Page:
This is loaded. The easy answer is probably more about who isn’t available.
Cruz, Hayes, Contreras, and probably Suwinski you have to imagine aren’t going anywhere, at least not now.
That doesn’t mean they’re shopping everyone else, it just means a guy like Castro for instance could find himself pushed aside by Nick Gonzales or Liover Peguero, or anyone really. Or he could take second base by the short hairs in 2023 and render someone we’re not even thinking about available.
Traditionally speaking, it should be painfully obvious all the 1 year contract guys are potentially on the move, unless, and maybe even if, the Pirates are in contention come deadline time.
Out of the guys with arb years left, JT Brubaker probably tops my list. I think his ceiling is a back end of the rotation guy and his floor is a bullpen arm. For this reason I’ve suggested he’s a guy who I might be compelled to extend with a moderate deal, something in the 5 million per range for 5 or 6 years. A deal like that would be a bargain if he sticks in the rotation, and reasonable if he goes to the bullpen.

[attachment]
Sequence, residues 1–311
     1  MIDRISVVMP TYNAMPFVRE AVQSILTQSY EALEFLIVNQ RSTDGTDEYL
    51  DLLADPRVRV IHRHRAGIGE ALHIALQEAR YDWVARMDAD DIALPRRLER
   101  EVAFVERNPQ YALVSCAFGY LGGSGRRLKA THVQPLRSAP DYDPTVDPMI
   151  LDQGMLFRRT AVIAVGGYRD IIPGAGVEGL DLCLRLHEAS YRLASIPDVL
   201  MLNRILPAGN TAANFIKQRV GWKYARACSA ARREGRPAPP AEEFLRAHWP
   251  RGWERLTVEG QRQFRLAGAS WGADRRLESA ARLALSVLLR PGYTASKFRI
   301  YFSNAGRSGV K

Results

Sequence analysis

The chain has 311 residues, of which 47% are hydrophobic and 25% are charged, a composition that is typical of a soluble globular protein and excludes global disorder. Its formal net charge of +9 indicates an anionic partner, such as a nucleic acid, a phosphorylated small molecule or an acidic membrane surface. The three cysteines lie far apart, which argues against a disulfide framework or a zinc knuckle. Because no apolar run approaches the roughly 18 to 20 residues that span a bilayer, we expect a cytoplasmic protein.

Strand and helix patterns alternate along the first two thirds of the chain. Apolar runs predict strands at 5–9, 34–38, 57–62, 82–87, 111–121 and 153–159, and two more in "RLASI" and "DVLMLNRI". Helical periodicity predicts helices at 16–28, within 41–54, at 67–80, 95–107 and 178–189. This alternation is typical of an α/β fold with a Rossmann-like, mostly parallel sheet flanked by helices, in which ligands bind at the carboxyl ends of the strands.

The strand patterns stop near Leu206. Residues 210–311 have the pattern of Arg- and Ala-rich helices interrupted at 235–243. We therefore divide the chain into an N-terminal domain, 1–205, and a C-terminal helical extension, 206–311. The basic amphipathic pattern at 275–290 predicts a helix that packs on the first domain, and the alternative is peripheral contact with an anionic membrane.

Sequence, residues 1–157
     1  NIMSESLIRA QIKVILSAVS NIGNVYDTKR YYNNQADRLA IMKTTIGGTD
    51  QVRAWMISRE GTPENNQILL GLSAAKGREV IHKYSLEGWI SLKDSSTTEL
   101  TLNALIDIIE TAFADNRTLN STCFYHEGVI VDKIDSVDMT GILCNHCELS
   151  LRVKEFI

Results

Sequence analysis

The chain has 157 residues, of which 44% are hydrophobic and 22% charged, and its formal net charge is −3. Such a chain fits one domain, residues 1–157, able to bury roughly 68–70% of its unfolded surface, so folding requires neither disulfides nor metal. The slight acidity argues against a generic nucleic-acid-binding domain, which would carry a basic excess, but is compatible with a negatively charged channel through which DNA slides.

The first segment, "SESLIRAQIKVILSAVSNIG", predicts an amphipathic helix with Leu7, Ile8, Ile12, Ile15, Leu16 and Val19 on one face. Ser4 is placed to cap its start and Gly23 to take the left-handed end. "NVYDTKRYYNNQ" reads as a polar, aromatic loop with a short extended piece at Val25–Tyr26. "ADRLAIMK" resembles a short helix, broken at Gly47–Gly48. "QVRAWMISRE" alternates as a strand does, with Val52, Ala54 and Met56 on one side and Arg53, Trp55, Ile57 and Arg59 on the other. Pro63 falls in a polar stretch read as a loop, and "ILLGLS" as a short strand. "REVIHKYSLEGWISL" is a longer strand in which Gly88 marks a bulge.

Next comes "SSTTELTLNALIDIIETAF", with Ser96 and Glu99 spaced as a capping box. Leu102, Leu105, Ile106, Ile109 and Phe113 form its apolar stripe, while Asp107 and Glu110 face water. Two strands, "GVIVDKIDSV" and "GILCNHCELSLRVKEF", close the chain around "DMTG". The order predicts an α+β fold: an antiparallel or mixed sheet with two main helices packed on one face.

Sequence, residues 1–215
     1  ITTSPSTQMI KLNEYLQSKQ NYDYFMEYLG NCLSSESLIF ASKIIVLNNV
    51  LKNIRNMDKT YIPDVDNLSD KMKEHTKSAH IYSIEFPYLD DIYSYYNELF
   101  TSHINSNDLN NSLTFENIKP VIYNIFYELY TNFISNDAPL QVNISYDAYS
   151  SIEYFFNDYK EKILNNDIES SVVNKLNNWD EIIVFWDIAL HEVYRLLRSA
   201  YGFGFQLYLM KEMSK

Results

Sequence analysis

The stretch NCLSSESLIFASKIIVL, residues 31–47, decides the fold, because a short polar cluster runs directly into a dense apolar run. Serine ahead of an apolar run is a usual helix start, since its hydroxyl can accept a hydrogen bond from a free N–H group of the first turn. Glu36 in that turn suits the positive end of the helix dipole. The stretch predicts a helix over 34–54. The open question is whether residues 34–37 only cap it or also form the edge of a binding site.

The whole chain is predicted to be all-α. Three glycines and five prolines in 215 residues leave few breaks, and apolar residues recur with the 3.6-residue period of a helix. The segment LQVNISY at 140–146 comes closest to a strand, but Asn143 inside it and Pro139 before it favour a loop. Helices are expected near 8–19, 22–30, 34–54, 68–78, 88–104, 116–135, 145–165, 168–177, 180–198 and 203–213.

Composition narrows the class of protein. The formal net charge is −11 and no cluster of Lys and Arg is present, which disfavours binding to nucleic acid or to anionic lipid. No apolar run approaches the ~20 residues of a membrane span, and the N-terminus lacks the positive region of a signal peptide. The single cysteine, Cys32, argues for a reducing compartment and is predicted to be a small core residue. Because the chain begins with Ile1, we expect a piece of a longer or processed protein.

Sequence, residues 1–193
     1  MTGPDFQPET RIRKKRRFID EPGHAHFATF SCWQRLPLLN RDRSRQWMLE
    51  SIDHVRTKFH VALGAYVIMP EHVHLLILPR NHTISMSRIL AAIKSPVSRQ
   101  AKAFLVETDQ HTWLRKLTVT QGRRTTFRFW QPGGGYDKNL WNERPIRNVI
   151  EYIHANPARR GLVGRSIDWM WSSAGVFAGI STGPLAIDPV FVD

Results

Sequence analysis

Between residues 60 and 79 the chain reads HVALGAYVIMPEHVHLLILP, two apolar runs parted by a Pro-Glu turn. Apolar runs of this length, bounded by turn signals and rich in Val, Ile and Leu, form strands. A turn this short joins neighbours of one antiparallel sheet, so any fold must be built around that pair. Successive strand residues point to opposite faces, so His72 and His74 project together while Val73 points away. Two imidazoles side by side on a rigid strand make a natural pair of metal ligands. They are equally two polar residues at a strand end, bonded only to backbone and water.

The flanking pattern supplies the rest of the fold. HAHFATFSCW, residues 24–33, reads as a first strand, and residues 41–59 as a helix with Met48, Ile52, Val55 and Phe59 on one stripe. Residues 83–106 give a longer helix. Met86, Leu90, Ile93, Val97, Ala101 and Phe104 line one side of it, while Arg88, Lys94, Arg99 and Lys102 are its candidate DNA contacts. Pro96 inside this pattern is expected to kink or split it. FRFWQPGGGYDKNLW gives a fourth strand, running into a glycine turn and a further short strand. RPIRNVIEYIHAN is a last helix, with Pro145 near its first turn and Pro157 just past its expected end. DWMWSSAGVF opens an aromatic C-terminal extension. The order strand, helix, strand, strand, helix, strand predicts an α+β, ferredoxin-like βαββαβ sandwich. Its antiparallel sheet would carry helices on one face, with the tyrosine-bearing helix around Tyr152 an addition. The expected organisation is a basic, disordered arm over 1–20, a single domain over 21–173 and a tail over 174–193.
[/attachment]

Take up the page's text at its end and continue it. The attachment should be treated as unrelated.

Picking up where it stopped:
Brubaker drew interest last deadline from teams, and with what the Pirates have coming, he could find himself being forced out of the rotation by August anyhow.
That said, they certainly don’t have to move him or anyone really. Even the 1 year guys, they may find themselves in a situation where the effort to improve the record outweighs the return possibilities.
At this point, aside from Reynolds, I doubt you’ll see anyone with control moved, unless someone renders them less important by beating them out. Keller and Brubaker each have 2 more years of arbitration (as does Reynolds) following the 2023 season, Keller isn’t likely to be passed by any of the rookies this year, and will almost surely be a big part of the rotation in 2024. If anything, Keller extension talk should become a topic before too long here.
4. Don’t One Year Deals Mean the Pirates Still Aren’t Serious?
I get this one a lot, and I get it the thinking too, I just don’t see it that way.
It really means two things.